Bike Fitting Introduction

Bike fitting is the art and science behind positioning a rider on a bicycle, allowing them to achieve their personal cycling goals. Proper cycling position will maximise the enjoyment of any rider on any bike because the cyclist will feel SAFE and COMFORTABLE.

What is the perfect fit?

The perfect fit is comfortable. It facilitates efficiency of movement and the ability to generate power and speed. It allows you to easily breathe and deliver oxygen to your muscles. In the proper position on the right bike, you can effectively balance, stabilise and easily handle the bike, body and bike become one.

Three main contact points* make up bike fitting process; foot support and cleat position, saddle selection and position, and handlebars and controls.

The goal is to have the body supported by the bicycle in a way that allows the rider to ride as hard (or soft) as they like without loosing control. This means control of the pedal stroke, control of the core and ultimately control of the bike. For great control, a rider needs to have their contact points within the physical range of the skeletal, muscular and nervous systems. Each contact point can then be individually assessed for better support and symmetry.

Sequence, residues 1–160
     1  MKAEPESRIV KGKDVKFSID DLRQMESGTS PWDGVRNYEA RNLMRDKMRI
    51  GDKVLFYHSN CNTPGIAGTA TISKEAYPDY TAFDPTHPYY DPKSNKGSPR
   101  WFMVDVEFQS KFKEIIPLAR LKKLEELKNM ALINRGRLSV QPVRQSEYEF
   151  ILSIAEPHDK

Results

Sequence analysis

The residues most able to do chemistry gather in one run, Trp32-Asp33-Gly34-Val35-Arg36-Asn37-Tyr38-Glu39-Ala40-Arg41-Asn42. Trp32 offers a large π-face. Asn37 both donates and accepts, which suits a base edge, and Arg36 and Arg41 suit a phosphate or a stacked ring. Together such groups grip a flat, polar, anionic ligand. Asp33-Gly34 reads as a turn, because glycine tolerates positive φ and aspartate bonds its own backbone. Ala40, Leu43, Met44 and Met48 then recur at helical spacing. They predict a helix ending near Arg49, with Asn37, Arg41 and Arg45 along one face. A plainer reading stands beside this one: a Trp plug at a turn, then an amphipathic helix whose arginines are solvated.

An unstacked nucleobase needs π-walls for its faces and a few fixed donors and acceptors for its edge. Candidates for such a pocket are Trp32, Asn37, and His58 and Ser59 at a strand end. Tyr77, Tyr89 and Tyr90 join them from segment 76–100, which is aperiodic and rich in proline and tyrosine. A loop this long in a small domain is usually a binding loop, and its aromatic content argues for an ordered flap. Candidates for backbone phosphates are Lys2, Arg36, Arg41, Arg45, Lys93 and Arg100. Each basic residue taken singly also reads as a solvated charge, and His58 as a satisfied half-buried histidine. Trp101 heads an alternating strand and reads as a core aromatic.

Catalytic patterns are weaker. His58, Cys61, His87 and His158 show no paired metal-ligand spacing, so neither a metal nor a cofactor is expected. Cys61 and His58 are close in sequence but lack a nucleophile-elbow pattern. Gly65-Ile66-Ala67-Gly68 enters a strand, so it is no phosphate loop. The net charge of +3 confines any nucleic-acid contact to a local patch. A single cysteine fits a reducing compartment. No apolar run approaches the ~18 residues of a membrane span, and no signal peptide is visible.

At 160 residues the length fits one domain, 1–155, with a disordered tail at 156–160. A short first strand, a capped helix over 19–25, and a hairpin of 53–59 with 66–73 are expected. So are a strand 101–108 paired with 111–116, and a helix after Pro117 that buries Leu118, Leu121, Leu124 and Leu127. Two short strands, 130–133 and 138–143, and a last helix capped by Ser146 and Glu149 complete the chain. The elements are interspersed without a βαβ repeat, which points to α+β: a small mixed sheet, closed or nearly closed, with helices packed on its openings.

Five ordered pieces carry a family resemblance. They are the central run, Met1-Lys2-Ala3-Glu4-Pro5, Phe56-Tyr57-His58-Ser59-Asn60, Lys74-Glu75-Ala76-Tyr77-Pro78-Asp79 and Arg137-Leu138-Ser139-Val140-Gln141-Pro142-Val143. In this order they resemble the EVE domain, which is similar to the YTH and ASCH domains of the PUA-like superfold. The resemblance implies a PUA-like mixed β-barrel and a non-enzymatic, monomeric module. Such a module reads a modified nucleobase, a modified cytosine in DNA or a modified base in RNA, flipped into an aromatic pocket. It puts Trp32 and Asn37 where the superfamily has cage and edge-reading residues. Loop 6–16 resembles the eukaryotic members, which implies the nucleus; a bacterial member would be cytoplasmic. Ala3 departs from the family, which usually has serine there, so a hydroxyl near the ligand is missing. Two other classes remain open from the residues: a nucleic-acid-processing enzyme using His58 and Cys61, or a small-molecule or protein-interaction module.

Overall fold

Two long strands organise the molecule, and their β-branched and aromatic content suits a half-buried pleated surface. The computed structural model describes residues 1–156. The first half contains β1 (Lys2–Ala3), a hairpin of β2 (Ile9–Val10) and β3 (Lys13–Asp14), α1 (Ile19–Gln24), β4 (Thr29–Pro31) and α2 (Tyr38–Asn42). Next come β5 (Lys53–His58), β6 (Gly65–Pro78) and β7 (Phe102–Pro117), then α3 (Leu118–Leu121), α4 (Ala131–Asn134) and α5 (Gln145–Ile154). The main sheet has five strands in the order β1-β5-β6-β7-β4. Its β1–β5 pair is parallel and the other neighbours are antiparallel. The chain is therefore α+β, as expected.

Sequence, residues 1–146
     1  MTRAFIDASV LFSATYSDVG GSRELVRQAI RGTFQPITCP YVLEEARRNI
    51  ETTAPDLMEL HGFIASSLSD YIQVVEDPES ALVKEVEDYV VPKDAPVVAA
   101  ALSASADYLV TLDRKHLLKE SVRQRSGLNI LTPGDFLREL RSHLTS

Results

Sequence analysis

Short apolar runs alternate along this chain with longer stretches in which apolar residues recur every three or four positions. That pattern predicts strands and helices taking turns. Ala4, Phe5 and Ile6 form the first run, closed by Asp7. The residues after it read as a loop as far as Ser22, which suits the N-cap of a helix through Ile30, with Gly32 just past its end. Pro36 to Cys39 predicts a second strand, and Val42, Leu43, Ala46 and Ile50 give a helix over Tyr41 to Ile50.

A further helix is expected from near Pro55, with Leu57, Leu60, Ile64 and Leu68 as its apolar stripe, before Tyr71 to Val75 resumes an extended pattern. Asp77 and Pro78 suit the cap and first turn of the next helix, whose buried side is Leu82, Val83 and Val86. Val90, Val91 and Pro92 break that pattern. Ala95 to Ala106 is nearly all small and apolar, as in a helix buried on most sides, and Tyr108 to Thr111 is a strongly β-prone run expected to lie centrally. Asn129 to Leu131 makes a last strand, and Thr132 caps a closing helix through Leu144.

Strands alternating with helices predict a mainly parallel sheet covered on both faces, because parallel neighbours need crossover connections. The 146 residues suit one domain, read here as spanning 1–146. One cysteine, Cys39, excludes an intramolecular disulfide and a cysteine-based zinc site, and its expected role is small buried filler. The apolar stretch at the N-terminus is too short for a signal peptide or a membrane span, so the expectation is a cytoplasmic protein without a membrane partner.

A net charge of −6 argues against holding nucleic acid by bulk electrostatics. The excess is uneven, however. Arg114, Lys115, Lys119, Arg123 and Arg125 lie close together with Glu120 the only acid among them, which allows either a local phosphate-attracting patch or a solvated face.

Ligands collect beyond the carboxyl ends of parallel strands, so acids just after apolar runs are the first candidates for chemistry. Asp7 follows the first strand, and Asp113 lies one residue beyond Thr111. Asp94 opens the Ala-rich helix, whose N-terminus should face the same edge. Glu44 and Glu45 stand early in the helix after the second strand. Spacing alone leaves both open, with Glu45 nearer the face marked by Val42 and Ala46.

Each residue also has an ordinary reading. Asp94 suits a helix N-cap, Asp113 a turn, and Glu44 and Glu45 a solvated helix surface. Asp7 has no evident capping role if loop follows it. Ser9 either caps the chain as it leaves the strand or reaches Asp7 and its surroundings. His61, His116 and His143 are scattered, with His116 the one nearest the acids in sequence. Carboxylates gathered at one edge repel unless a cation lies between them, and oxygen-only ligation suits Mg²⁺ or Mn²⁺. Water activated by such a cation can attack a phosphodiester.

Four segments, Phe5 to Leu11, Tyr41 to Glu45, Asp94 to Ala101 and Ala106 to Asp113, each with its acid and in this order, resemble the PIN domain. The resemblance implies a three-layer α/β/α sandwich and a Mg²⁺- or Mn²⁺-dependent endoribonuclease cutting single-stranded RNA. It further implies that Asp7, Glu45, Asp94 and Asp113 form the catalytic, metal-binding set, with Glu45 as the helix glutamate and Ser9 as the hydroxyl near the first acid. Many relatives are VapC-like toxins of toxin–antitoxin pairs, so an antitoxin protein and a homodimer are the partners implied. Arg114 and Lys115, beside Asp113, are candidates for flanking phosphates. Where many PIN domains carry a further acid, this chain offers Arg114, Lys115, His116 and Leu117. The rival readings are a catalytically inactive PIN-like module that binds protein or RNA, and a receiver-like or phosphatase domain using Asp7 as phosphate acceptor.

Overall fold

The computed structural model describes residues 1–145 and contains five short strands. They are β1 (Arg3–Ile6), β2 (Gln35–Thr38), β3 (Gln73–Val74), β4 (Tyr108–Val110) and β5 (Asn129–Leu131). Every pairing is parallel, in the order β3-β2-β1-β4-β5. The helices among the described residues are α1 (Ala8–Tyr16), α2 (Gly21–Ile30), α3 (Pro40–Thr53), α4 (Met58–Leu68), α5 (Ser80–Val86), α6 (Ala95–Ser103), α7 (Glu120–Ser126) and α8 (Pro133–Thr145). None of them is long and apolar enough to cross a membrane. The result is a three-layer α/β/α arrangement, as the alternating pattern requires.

Why a bike fitting?

Once the bike has been well fitted the body can ride with fluidity allowing the brain time to think, strategize or even meditate in the zone. The brain is a huge aspect of your bicycle fit and needs to be well connected to supportive contact points. If you are sore, uncomfortable or ill fitted to any of the contact points your brain will let you know and will not stop telling you until you stop riding or significantly change your position on the bike to compensate for the issue. This can often lead to unbalanced and inefficient cycling.

Awareness:

A huge part of my job as a fitter is to help people become aware of less than ideal contact points, positions and issues they do not notice. This concept of the bodies’ own self-awareness is called proprioception and is often not recognized or understood correctly. For example, most of the clients I see do not sit straight on their saddle, however if I ask them how they feel, they say “pretty straight” and are misled by their own brain suggesting that if they are riding a symmetrical machine they must be in perfect symmetry as well. So by bringing the asymmetries and over extensions into the awareness of the rider excess movement can be reduced, energy can be saved and endurance found.

*Contact points: foot beds, saddle, bar tape or grips

Originally posted on: Manly Warringah CC.


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05 Jun 2014

By Aaron Dunford

@fusionpeak

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*All listed prices are subject to change without notification, and are exclusive of parts.